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Carcinoma of the Esophagus

 

•     Predisposing factors

            • Men>women            

            • Achalasia (polypoid mass in middle or distal third)

            • Asbestosis

            • Plummer-Vinson syndrome (iron deficiency anemia, webs)

            • Barrett esophagus (columnar metaplasia of the distal esophagus 2° chronic GE reflux)

            • Celiac disease

            • Lye stricture

            • Alcoholism

            • Smoking

            • Prior radiation

            • Oral/pharyngeal cancer

            • Tylosis palmaris-hyperkeratosi of the palms and the soles

Histology

            • Squamous cell ca (95%)

            • Adenocarcinoma arising from heterotopic gastric mucosa or columnar-lined epithelium (Barrett’s)

            • Carcinosarcoma=spindle-cell carcinoma

                        • Location usually middle third of esophagus

• Large, bulky, polypoid intraluminal mass which may be pedunculated

            • Mucoepidermoid carcinoma

      • Spread is facilitated by the esophagus’ lack of a serosa

Symptoms

      • Dysphagia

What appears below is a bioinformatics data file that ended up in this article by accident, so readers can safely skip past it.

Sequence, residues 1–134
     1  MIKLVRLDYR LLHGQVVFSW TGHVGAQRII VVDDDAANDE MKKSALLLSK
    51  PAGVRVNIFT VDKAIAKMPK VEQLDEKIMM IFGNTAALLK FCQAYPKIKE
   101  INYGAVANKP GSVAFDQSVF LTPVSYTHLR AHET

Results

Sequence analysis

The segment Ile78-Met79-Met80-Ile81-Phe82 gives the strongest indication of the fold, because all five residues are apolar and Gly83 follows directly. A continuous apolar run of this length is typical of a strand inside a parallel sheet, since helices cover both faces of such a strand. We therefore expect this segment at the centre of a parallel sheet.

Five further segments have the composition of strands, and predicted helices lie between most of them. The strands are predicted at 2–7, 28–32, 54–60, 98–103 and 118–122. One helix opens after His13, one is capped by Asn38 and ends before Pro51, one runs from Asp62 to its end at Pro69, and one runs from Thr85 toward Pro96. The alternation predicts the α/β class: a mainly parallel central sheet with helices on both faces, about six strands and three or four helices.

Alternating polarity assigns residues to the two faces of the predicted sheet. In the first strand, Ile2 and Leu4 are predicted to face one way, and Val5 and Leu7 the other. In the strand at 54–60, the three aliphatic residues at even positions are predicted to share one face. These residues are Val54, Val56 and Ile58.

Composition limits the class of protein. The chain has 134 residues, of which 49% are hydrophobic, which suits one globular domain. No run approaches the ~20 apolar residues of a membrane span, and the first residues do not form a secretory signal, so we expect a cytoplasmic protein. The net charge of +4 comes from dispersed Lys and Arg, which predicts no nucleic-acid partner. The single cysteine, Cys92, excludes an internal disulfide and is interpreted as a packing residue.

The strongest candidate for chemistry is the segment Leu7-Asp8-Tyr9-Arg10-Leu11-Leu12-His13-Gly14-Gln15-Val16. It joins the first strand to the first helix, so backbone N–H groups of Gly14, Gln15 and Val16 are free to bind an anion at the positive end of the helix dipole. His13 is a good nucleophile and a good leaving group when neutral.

• Weight loss

      • Retrosternal pain

      • Regurgitation

Location

Upper 1/3

20%

Middle 1/3

50%

Lower 1/3

30%

Radiologic types

·       Polypoid/fungating form (most common)

            Sessile, polyp

            Apple-core lesion

·       Ulcerating form

            Large ulcer within mass

·       Infiltrating form

            Gradual narrowing resembling benign stricture

·       Varicoid form=superficial spreading carcinoma

            Thickened nodular folds looks like varices

      • Squamous cell carcinomas of the distal esophagus almost never invade the stomach whereas adenocarcinomas arising from a Barrett’s does

Metastases

      • To lymphatics-especially supraclavicular nodes

      • Hematogenous: lung, liver, adrenal

      • About 5-10% of patients with esophageal ca will develop esophageal-airway fistulae, frequently following XRT

Prognosis

            • 3-20% 5 year survival

 

wh/93

 

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